Recorded with a much more compact lineup of accompanists than its counterpart (and noticeably short of many extended instrumental breaks apart from James Galway's flute solo), this title has a decidedly more jazzy feel than the blues-oriented likes of the preceding album. And Van Morrison conveys a decidedly less casual attitude here too, suggesting perhaps this project is of more recent vintage than the last. Certainly his self-composed tunes, notably "I Forgot that Love Existed," "Start All Over Again" and "Affirmation," imply this is a somewhat autobiographical record and thus one very close to his heart. The sumptuous recordings overseen by Edna Walsh at a variety of recording sites (including live locations) favorably compare to the prior record, not to mention virtually all Morrison's modern day efforts. And, notwithstanding this effort as an exploration of roots like the other record, Morrison's most demanding devotees might prefer more original songs imbued with comparably revealing, honest emotion. Still, Van's iconoclastic nature still comes through and in most telling fashion, most directly via the alternately guttural and sing-song delivery of his vocals.

Tracks and Personnel

Roll With The Punches

Tracks: Roll with the Punches; Transformation; I Can Tell; Stormy Monday / Lonely Avenue; Goin' to Chicago; Fame; Too Much Trouble; Bring It on Home to Me; Ordinary People; How Far from God; Teardrops from My Eyes; Automobile Blues; Benediction; Mean Old World; Ride on Josephine.

Personnel: Van Morrison: vocals, electric guitar, harmonica, saxophone, percussion; Jeff Beck: electric guitar; Jason Rebello: piano; Stuart McIlroy: piano; Paul Moran: Hammond organ, trumpet Georgie Fame: Hammond organ, vocals; Laurence Cottle: electric bass, trombone; Ned Edwards: electric guitar, harmonica, background vocals; Paul Jones: harmonica, vocals; Dave Keary: acoustic guitar, electric guitar, background vocals; Chris Hill: double bass; Pete Hurley: electric bass; Paul Moor: electric bass; Colin Griffin: drums; James Powell: drums; Mez Clough: drums, percussion, background vocals; Dan Ellis: percussion; Chris Farlowe: vocals; Sumudu Jayatilaka: background vocals; Dana Masters: background vocals; Elizabeth Williams: background vocals.

Versatile

Tracks: Broken Record; A Foggy Day; Let's Get Lost; Bye Bye Blackbird; Skye Boat Song; Take It Easy Baby; Makin' Whoopee; I Get a Kick Out of You; I Forgot That Love Existed; Unchained Melody; Start All Over Again; Only A Dream; Affirmation; The Party's Over; I Left My Heart in San Francisco; They Can't Take That Away from Me.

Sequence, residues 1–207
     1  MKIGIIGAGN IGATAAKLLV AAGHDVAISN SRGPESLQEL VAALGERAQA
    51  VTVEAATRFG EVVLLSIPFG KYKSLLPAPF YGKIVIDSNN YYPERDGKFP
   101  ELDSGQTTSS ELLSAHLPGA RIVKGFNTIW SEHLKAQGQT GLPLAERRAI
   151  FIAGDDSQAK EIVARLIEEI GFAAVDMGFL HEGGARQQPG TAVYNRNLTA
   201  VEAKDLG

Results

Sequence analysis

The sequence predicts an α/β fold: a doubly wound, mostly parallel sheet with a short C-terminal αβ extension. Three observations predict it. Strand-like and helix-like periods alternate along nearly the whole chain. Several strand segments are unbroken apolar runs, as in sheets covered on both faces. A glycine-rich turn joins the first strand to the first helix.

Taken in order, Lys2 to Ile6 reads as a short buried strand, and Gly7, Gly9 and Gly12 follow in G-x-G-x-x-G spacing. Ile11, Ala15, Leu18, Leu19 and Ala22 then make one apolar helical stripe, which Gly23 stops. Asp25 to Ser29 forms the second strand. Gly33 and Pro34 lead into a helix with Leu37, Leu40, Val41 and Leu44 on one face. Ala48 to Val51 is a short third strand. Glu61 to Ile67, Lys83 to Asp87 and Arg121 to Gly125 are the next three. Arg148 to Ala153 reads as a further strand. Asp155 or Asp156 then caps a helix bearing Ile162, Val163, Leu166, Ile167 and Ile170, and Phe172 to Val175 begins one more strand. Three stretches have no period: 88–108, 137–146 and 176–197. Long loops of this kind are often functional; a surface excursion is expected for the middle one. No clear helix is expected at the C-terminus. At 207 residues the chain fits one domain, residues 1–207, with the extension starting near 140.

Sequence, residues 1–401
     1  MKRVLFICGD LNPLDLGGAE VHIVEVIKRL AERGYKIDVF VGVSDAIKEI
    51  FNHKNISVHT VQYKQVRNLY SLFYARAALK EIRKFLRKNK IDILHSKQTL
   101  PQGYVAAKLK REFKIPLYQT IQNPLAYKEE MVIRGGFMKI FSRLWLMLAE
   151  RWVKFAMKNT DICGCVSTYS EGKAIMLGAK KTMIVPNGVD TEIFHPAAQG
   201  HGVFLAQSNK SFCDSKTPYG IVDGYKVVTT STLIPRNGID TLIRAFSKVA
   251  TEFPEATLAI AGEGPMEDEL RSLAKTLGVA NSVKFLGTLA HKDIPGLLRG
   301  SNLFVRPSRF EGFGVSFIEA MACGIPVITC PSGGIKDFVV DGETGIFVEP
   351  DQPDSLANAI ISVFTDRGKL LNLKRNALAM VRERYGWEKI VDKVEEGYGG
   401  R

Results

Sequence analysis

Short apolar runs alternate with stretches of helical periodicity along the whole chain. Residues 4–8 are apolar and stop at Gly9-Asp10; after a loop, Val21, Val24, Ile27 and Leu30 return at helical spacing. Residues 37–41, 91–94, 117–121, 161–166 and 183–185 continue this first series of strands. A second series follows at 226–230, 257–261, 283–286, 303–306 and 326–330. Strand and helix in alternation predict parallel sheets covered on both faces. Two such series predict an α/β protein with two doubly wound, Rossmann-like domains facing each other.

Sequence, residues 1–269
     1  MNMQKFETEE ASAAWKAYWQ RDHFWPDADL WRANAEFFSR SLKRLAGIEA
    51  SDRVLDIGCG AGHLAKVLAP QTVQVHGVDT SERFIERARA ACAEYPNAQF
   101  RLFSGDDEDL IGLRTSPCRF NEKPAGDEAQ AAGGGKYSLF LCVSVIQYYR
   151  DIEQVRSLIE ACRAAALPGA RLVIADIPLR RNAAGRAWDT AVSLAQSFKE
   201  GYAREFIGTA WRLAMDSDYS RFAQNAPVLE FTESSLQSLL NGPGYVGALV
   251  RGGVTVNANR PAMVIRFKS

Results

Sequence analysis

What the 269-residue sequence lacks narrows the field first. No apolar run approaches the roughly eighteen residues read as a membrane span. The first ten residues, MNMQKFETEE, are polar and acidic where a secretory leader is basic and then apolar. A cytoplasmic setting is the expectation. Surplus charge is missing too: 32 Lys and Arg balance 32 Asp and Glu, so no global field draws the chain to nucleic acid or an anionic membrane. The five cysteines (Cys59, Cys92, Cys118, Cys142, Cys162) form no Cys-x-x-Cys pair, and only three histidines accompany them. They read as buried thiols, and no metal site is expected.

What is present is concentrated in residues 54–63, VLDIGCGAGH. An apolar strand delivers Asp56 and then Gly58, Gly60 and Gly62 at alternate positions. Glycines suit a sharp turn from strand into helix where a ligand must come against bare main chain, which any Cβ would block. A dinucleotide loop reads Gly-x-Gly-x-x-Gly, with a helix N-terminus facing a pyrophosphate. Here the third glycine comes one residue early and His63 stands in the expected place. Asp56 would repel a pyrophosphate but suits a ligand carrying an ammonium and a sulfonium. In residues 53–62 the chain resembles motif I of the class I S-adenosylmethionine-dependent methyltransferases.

Personnel: Van Morrison: vocals, alto saxophone; Dave Keary: electric guitar; Jay Berliner: acoustic guitar; Paul Moran: keyboards, trumpet; Alistair White: trombone; Christopher White: tenor saxophone, flute; James Galway: flute; Paul Moore: bass guitar; Jeff Lardner: drums; Mez Clough: drums; Rod Quinn: percussion; Robbie Ruggiero: percussion.

Tags

Watch

comments powered by Disqus

Upcoming Shows

Date Detail Price
Feb5Tue
Van Morrison
The Wiltern
Los Angeles, CA
Feb6Wed
Van Morrison
The Wiltern
Los Angeles, CA
Apr23Tue
Van Morrison, The James Hunter Six
The Chicago Theatre
Chicago, IL
Apr24Wed
Van Morrison, The James Hunter Six
The Chicago Theatre
Chicago, IL
Apr25Thu
Van Morrison, The James Hunter Six
The Chicago Theatre
Chicago, IL

Shop

Start your shopping here and you'll support All About Jazz in the process. Learn how.

Related Articles

Read Stephan Thelen and Sonar: Minimal Grooves at Maximum Volume Multiple Reviews
Stephan Thelen and Sonar: Minimal Grooves at Maximum Volume
By Geno Thackara
January 12, 2019
Read Meeting of the Minds and Sounds: The Clarinet and The Oud Multiple Reviews
Meeting of the Minds and Sounds: The Clarinet and The Oud
By Doug Collette
January 12, 2019
Read Two major releases from Ferran Fages Multiple Reviews
Two major releases from Ferran Fages
By John Eyles
January 11, 2019
Read Music Matters: SRX Vinyl Multiple Reviews
Music Matters: SRX Vinyl
By Greg Simmons
January 10, 2019
Read Tim Motzer: Late-Night Soundscapes Multiple Reviews
Tim Motzer: Late-Night Soundscapes
By Geno Thackara
December 26, 2018
Read Drummers As Leaders Multiple Reviews
Drummers As Leaders
By Jerome Wilson
December 23, 2018